EU Sees ‘Strategic Advantage’ of Biofuels in Aviation
by Hannah Black and Sarantis Michalopoulos (EurActiv) In sectors like aviation where decarbonisation options are limited, there is a strategic advantage in encouraging the use of biofuels, a European Commission official has said.
The aviation sector is dependent on liquid fuels and has few options other than biofuels when it comes to using renewable energies.
The International Air Transport Association (IATA) has set a target of ramping up biofuels use to 10% of all consumption by 2017, saying they have the potential to reduce the industry’s carbon footprint by up to 80%.
The big issue now for the industry is whether they can be deployed on a sufficiently large scale to make a difference to the airline sector’s carbon emissions – without wrecking the environment.
“Several pathways have now been certificated, and about 2,500 commercial flights have now taken place using some amount of biofuels,” the EU official (Richard Clarkson, a policy officer at the European Commission’s Aviation Policy Unit) said, highlighting that biofuels still represent a small portion of fuels that are used in air transport.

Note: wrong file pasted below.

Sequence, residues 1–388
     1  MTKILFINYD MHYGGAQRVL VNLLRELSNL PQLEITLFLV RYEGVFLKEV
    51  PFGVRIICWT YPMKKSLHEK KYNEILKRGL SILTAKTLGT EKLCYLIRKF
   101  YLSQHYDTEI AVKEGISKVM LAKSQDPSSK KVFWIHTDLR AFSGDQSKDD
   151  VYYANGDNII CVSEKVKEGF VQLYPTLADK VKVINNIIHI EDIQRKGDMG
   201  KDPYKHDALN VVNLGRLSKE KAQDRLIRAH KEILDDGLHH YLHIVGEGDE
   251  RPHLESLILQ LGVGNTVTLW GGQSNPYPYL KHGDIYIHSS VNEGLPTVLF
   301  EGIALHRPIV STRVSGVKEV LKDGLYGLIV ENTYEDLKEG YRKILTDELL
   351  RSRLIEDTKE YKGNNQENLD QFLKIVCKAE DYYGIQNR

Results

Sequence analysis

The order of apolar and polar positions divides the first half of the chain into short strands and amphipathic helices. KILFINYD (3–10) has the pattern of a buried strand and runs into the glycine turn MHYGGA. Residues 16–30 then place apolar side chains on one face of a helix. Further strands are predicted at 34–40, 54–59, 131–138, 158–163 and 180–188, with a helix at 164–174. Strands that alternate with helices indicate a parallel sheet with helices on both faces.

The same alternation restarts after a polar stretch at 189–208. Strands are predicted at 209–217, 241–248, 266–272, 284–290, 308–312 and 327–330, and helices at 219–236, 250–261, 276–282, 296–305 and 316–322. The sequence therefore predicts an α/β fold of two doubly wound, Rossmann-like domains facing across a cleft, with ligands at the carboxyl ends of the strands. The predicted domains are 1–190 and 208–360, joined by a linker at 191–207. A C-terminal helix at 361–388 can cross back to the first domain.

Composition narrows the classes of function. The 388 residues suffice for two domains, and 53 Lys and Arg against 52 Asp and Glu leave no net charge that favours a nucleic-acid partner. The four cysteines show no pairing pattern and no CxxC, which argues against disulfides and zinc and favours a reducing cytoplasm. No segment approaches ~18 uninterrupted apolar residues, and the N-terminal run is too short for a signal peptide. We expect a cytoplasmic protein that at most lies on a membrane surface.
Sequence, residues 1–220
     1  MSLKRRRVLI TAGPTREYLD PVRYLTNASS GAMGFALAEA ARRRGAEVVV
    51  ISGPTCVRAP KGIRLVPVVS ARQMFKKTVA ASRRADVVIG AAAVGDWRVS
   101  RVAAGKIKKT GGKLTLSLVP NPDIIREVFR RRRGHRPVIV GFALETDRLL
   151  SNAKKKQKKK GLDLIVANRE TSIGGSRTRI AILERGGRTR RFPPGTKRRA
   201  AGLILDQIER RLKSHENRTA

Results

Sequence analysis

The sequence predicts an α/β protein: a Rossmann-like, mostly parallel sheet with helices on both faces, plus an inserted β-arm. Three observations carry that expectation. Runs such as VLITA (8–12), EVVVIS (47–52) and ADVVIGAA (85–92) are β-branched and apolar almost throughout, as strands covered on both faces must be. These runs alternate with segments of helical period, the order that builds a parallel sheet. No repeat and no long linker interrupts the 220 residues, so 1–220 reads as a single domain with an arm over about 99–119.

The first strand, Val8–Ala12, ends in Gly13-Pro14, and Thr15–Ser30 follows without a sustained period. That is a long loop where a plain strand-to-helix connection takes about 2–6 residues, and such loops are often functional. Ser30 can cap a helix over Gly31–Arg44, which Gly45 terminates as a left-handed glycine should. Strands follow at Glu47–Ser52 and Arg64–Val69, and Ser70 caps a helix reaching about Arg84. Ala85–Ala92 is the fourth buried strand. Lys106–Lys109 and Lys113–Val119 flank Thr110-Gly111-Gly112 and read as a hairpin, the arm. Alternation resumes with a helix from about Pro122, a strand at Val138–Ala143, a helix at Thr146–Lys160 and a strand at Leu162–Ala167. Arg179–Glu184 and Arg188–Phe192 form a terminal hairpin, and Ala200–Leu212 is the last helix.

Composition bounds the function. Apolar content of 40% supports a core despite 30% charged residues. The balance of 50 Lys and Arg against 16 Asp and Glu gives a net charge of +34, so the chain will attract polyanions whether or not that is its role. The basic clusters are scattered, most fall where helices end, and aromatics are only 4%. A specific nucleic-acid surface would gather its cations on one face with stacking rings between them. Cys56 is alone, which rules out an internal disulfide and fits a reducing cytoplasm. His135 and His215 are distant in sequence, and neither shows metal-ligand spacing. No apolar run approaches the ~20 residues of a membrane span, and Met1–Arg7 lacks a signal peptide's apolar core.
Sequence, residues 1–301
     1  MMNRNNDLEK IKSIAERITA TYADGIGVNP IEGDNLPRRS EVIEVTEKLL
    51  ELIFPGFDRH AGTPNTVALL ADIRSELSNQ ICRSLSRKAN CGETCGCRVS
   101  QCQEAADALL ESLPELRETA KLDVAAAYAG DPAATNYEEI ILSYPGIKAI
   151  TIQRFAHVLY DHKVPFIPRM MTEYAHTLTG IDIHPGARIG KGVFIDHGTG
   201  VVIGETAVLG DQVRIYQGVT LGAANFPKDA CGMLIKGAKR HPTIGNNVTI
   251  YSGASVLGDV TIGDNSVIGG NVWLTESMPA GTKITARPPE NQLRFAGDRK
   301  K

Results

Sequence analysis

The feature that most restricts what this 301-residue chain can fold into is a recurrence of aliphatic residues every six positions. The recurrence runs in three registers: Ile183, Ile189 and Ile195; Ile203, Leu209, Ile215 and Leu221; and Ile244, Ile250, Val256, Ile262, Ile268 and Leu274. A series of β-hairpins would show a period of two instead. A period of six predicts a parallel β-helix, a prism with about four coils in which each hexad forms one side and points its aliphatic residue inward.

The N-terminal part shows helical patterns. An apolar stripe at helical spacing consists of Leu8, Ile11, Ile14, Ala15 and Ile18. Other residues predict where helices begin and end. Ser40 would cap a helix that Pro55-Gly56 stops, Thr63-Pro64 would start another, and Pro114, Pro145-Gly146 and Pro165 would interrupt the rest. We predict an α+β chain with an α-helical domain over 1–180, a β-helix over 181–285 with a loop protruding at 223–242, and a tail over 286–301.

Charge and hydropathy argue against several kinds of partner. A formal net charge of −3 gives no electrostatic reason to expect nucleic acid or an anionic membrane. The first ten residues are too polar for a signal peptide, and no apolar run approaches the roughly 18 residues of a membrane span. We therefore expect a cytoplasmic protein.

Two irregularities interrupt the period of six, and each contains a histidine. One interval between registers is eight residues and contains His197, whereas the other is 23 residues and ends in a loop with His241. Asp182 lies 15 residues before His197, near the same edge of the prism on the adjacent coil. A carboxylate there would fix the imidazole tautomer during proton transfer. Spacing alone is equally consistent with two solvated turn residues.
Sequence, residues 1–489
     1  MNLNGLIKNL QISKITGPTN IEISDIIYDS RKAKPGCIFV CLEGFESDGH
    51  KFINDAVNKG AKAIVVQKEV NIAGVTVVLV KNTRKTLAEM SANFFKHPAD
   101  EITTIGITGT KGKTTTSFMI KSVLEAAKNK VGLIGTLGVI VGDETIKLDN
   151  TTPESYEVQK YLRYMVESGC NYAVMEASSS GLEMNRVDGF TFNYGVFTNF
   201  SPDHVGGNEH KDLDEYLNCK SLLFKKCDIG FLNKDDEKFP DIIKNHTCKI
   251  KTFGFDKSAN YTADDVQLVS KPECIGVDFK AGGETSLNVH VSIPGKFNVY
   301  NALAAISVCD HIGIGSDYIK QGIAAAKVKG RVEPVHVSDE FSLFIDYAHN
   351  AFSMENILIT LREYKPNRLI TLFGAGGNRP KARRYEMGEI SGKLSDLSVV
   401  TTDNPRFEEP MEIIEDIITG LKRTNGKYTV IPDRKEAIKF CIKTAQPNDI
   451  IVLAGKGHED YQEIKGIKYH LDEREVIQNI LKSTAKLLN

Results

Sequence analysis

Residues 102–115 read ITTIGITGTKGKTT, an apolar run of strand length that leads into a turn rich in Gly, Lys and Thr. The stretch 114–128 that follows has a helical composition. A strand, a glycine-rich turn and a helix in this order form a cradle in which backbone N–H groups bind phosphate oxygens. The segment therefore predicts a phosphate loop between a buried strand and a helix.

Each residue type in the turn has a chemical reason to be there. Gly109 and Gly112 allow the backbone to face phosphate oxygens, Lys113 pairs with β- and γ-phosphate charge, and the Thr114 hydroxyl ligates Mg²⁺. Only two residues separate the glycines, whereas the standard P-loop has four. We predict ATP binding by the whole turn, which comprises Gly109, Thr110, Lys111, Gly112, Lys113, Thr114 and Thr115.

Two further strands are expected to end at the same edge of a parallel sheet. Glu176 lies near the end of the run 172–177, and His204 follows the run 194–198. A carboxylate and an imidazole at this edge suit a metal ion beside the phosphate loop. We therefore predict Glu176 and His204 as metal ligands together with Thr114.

According to Clarkson, the Commission’s proposed revision of the renewable energy directive provides a greater incentive for the use of biofuels in aviation than previously, by weighting them 20% higher than fuels used in other modes.
“The Commission sees that there is a strategic advantage in trying to encourage the use of biofuels in sectors like aviation where there are a fewer number of alternative decarbonisation options,” he said.
“Now, that 20% weighting applies not just to aviation but also to maritime,” he noted.
Despite the political backlash against biofuels, Boeing has persevered in trying to find sustainable alternatives, Morgan (Darrin Morgan, director of sustainable biofuel strategy at Boeing) said. It is currently negotiating an agreement with China over the air pollution produced by the burning of crop residue.
“The government in China has figured out that they need to do something with a lot of these crop residues besides burning. What they want to do is, among other things, sustainable fuels,” he stated.
“While I know in Brussels biofuels are not sexy anymore, biofuels and the backlash against them… For those of you in Brussels, get out there and see what’s happening in the world,” Morgan said.
Certification schemes such as the Roundtable on Sustainable Biomaterials (RBS) can audit an individual project and assess the social and labour angle too, she said.
According to Bramble (Barbara Bramble from the National Wildlife Federation), ramping up production hinges mainly on soil management, including land use, social issues, and conservation.
“You can’t just say that biofuels are good or bad by category—it all depends. So this isn’t a fight against food versus fuel—that’s way too simplistic. This is really about how we use our land. All types of land uses are in competition with all other types of land uses,” she added. READ MORE